Strategy for Combining Heat Treatment, Calcium Infiltration, and Biological Control to Reduce Postharvest Decay of `Gala' Apples

in HortScience
Authors:
William S. ConwayHorticultural Crops Quality Laboratory, Beltsville Agricultural Research Center Agricultural Research Service, U.S. Department of Agriculture, Beltsville, MD 20705

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Wojciech J. JanisiewiczAppalachian Fruit Research Station, Agricultural Research Service, U.S. Department of Agriculture, 45 Wiltshire Road, Kearneysville, WV 25430

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Joshua D. KleinDepartment of Field Crops, ARO, The Volcani Center, Bet Dagan 50250, Israel

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Carl E. SamsDepartment of Plant and Soil Sciences, The University of Tennessee, Knoxville, TN 37901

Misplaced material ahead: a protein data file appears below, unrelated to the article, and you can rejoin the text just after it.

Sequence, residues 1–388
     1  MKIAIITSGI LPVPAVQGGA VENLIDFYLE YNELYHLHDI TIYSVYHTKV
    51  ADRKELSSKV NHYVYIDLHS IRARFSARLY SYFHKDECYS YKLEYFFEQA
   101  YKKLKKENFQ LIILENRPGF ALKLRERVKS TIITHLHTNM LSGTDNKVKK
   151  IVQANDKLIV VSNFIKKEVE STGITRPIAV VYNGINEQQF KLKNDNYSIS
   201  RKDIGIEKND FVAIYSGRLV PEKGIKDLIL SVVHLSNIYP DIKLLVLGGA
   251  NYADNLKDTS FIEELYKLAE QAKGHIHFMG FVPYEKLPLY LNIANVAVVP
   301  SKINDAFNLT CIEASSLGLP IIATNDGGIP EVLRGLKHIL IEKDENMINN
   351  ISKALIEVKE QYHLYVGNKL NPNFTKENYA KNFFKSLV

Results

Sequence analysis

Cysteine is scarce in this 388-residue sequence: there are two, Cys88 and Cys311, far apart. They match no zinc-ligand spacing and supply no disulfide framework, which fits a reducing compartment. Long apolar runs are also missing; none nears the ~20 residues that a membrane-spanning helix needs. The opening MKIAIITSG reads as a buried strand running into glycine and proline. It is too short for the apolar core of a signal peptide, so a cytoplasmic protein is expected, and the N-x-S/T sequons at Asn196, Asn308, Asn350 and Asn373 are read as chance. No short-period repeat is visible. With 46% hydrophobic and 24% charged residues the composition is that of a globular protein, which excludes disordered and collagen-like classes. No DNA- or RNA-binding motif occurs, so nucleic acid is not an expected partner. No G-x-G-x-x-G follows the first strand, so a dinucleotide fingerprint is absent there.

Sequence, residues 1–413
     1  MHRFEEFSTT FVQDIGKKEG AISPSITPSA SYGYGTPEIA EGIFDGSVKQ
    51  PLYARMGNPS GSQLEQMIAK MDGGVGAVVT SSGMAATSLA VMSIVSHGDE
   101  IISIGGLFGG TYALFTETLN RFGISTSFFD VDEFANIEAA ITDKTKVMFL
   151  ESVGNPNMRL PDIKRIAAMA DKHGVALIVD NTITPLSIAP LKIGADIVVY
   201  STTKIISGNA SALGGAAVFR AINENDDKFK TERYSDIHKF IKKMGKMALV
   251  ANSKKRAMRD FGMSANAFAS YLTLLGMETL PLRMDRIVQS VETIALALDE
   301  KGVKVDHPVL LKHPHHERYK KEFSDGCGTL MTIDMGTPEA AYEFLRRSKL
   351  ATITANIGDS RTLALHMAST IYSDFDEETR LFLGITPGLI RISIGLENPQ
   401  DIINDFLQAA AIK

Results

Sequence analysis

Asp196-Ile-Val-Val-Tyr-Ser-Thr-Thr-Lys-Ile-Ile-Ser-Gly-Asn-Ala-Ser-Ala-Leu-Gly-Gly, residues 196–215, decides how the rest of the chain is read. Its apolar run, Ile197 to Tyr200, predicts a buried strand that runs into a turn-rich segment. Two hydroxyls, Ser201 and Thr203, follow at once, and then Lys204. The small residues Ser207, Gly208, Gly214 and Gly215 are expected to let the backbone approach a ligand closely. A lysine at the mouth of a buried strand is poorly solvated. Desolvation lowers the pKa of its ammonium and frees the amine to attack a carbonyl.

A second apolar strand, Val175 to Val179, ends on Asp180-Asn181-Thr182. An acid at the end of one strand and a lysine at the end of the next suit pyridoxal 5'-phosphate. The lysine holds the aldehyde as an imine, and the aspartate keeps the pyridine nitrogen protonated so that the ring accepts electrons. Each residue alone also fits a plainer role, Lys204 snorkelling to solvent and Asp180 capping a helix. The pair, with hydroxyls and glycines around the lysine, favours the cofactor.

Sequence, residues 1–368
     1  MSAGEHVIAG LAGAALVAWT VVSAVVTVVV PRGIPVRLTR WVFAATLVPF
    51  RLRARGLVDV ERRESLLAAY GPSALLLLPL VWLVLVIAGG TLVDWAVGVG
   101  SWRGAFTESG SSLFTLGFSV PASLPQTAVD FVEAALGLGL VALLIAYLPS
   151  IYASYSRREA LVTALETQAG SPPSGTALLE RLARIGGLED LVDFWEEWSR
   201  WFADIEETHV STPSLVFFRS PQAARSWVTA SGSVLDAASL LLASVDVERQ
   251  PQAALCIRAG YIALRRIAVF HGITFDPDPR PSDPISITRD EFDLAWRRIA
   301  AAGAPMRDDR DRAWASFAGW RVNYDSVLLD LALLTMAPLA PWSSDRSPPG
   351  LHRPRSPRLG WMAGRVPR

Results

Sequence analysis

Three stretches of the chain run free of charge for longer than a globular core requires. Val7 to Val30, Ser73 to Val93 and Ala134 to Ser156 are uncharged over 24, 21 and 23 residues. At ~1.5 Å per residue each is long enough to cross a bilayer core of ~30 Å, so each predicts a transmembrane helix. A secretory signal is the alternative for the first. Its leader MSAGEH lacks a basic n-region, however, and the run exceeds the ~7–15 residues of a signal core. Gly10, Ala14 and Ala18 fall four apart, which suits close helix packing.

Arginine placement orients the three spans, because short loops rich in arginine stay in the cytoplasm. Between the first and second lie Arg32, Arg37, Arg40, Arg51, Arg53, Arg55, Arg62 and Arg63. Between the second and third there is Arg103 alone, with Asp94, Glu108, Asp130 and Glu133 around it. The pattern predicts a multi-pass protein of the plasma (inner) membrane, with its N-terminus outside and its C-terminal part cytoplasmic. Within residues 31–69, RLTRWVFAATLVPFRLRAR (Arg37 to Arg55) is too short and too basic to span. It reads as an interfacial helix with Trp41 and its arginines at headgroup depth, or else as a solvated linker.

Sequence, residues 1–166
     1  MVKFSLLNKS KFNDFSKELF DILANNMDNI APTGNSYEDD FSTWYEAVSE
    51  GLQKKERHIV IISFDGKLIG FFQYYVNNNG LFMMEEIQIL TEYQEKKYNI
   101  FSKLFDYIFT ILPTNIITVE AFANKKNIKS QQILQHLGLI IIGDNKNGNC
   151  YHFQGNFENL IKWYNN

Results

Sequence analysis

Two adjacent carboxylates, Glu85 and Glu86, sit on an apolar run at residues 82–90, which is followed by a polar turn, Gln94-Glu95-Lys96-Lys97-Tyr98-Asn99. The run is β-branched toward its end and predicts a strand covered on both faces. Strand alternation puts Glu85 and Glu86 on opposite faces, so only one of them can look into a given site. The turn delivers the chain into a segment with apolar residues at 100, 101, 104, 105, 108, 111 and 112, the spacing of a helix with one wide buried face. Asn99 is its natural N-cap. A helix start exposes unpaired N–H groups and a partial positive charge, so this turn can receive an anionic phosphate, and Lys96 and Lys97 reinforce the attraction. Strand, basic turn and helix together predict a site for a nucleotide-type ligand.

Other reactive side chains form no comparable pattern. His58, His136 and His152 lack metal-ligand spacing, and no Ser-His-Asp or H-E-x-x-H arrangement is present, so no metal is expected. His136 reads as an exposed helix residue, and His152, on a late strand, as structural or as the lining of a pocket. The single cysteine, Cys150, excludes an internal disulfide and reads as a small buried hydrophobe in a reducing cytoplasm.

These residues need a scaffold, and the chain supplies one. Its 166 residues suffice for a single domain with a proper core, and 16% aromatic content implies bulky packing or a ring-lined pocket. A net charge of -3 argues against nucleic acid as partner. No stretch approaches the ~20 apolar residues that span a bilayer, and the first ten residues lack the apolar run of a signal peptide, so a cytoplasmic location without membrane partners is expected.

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The viability of Penicillium expansum Link conidia in sporulating culture declined rapidly when exposed to 38 °C, and when conidia were exposed to 38 °C prior to inoculation of apple fruits (Malus ×domestica Borkh.), the resulting lesions were smaller than those on fruit inoculated with nonheated conidia. `Gala' apples were heated after harvest (38 °C for 4 days), pressure infiltrated with a 2% solution of CaCl2, or treated with the antagonist Pseudomonas syringae van Hall, alone or in combinations to reduce postharvest decay caused by Penicillium expansum. After up to 6 months in storage at 1 °C, no decay lesions developed on fruit that were heated after inoculation with P. expansum, or any combination of P. expansum, antagonist, or Ca. Parallel lots of heat-treated and nonheated fruit that were either infiltrated or not infiltrated with Ca were stored up to 6 months. They were then inoculated with P. expansum alone, or with the antagonist followed by P. expansum. Prior heat treatment did not influence lesion size. Calcium alone, the antagonist alone, and heat plus Ca all reduced the incidence of decay by ≈25%, whereas heat plus the antagonist reduced it by 70%. Calcium plus the antagonist or Ca plus the antagonist and heat reduced decay incidence by 89% and 91%, respectively. The integrated strategy of heat-treating fruit, followed by Ca infiltration and then treatment with an antagonist, may be a useful alternative to controlling postharvest decay with fungicides.

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